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By : Walker Smith
A large part of my job is testing and reviewing bass fishing gear. After a decade of doing this, I’ll admit that it’s tough for a product to really get me excited. So whenever I run across a product that really blows me away, I make absolutely certain to bump it up in the editorial calendar and share my experiences with our readers as soon as humanly possible.
That definitely happened when I had an opportunity to test the Lew’s Elite Series Casting Rod. It’s important to understand that my wife is a big help to me in my job; there are a lot of photos and things I need to get done that are tough to do with just my own two hands. As a result, she helps me a lot after work hours and has become pretty entrenched and knowledgeable in the bass fishing industry.
She will tell you, I very rarely say the word “wow” when I put a new product in my hands. When I took this rod out of its cardboard rod tube, however, I walked from my shop intoto the house and told her, “Hunny, you’ve got to feel this rod. Wow.”
The Lew’s Elite Series Casting Rod is one of the finest rods I’ve tested in recent years. From its weightlessness to its sensitivity and brute strength, this is a series of rods I’d like to have in my boat for years to come. It feels incredible in your hands and I’ve been telling all of my colleagues about it as well.
Although many anglers might think about fishing reels when it comes to the Lew’s brand, I can personally vouch that they have made miles of improvement in regards to their fishing rods. These rods are expensive but they certainly earn their price tag on the water. They sport a particularly thin diameter and lightweight profile thanks to their FOCAS blank technology that allow for 75% increased tip strength.
All of that sounds fancy but when it comes down to it, all of that fancy talk means that this is a super light rod that won’t break when you try to boat-flip a bass. It has some serious shoulders to it.
A lot of times, these super-strong rods tend to be very unbalanced and clumsy-feeling in your hands but that is certainly not the case with the Lew’s Elite Series Casting Rod. The balance of this rod is nothing short of impressive.
If you’ve read any of my ramblings for the past decade, you’re well aware that I’m an old-school guy when it comes to both fishing gear and fishing techniques. Cork grips never really failed me so I normally prefer to stick with them whenever possible.
But man, I’m telling you right now that thes Winn Dri-Tac grips are super cool and make a big difference during a day on the water. They’re super sticky but don’t leave any residue whatsoever on your hands. This allows you to flip, pitch and skip in rainy conditions with the utmost confidence and it also helps during the culling process if you’re a tournament angler. You can cull your fish and get fish slime all over your hands and not have to clean your hands at all. I’m not quite sure what these grips are made of but they sure are convenient and comfortable in a wide array of situations.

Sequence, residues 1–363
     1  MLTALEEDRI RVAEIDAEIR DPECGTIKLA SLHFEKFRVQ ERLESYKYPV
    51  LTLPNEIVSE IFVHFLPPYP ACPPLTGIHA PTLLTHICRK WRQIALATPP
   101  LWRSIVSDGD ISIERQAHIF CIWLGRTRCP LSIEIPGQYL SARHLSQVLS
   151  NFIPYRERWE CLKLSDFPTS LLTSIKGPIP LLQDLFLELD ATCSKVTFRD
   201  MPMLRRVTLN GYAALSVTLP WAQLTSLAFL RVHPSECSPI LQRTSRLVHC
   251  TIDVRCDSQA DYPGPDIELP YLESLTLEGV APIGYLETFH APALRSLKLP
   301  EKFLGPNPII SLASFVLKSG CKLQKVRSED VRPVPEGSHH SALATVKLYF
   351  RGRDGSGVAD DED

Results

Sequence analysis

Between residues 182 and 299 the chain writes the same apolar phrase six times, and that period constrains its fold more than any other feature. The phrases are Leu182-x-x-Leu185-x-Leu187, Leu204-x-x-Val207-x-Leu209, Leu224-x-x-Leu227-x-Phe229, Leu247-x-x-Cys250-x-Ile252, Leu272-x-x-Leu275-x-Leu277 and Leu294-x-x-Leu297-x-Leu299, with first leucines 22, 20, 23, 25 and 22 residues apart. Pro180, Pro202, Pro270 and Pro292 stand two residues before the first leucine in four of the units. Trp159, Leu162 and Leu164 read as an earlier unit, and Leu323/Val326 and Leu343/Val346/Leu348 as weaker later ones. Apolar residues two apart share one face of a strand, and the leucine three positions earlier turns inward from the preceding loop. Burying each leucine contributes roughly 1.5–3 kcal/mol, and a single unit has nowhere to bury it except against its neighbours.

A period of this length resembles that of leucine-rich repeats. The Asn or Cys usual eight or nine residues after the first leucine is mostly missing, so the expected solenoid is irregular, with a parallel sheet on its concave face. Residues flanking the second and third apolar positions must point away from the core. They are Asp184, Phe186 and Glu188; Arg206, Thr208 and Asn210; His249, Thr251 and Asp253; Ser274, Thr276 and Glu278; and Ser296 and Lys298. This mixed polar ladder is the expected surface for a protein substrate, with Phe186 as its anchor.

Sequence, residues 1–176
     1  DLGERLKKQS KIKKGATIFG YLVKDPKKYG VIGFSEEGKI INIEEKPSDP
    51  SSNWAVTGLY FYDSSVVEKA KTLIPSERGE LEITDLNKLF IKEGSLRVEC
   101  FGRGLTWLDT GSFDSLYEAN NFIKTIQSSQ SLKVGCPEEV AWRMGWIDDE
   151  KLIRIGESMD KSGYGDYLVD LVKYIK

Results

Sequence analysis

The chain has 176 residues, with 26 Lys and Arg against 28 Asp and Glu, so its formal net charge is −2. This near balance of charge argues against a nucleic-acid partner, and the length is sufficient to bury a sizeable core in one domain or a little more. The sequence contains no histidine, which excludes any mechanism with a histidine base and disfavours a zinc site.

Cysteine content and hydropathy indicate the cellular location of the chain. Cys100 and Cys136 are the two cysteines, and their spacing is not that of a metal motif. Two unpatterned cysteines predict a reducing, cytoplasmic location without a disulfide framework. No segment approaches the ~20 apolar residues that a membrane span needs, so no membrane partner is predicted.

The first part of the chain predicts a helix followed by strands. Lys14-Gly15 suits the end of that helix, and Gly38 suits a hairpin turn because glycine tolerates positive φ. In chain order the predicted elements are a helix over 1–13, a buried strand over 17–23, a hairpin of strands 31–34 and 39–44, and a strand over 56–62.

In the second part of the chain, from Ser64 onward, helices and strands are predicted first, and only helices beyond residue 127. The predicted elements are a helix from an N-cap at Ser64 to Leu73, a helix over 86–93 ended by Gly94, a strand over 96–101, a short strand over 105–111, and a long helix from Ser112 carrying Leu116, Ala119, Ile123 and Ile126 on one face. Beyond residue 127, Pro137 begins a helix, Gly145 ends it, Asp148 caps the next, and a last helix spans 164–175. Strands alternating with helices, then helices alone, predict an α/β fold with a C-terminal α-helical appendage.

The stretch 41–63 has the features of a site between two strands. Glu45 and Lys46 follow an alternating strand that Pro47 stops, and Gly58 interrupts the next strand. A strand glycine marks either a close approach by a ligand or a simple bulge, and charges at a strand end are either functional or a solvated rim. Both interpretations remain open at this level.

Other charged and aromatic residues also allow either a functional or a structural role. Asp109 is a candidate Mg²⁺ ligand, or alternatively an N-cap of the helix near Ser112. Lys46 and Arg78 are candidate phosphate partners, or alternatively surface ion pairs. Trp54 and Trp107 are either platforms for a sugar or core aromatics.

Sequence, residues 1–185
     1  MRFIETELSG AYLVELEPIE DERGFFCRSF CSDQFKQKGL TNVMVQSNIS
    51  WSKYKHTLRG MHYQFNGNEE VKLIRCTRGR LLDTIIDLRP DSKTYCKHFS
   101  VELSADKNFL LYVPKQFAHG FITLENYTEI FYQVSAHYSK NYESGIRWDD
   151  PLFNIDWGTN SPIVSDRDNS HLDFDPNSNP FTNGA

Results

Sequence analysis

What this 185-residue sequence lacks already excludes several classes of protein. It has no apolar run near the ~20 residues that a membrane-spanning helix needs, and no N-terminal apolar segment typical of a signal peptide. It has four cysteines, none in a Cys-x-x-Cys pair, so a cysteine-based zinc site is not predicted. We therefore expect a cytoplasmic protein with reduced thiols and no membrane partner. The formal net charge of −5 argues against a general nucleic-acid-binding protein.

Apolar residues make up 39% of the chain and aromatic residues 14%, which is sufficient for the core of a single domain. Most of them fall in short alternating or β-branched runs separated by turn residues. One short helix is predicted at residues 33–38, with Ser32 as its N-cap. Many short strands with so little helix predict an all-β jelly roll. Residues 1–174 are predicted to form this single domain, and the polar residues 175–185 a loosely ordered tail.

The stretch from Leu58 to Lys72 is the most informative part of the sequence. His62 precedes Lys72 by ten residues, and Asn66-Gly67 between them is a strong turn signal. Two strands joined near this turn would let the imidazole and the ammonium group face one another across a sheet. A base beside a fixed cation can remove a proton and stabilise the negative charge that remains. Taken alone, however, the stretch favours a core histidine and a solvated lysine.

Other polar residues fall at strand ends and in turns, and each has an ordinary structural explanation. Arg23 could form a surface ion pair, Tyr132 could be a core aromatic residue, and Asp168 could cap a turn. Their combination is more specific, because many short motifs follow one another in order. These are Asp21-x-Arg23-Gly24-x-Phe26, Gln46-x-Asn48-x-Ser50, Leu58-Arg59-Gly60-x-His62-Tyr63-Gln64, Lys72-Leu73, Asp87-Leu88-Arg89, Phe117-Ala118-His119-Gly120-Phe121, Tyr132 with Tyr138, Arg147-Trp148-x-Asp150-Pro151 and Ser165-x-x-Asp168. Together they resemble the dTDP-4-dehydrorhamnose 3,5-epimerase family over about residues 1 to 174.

I’ve been primarily testing the 7-foot, 2-inch medium-action Lew’s Elite Series Casting Rod and it is an outstanding rod for flat-sided crankbaits and smaller crankbaits. I’ve been able to feel every single vibration of my bait and every change in bottom composition on each and every cast. They say this is due to a new technology called Vibration Transfer Rings (VTR) and I’m sure that’s all well and good. But again, I keep things simple. This is one of the most sensitive rods I’ve tested in my entire career. You can ask my wife, buddies and colleagues… I’ve been talking about this rod for a long time and I’m absolutely positive others will agree with my assessment.
I’ve never been a huge fan of hook holders located above the foregrip of a bass fishing rods. Most of the time, they’re easy to ignore but if you allow a little slack to get into your line, all kinds of trouble can happen when it comes time to set the hook. These hook holders/bait keepers are important to have on a rod but I want ‘em as far away from the foregrip as possible.
Thankfully, the Lew’s Elite Series Casting Rod kept the bait keeper on the butt-end of the rod which keeps it totally out of the way. Whether you’re cranking, throwing a topwater or pitching a heavy weight around grass, you won’t need to worry about it at all. You won’t even know it’s there until you need it.
If you’re in the market this year for a high-end bass fishing rod, I strongly suggest putting this one on your list. It feels absolutely incredible in your hand, it’s lightweight and somehow, Lew’s was able to maintain a bunch of strength to the blank as well. In my personal opinion and experience, this is, by far, the best rod Lew’s has ever built. I can’t say enough good things about it.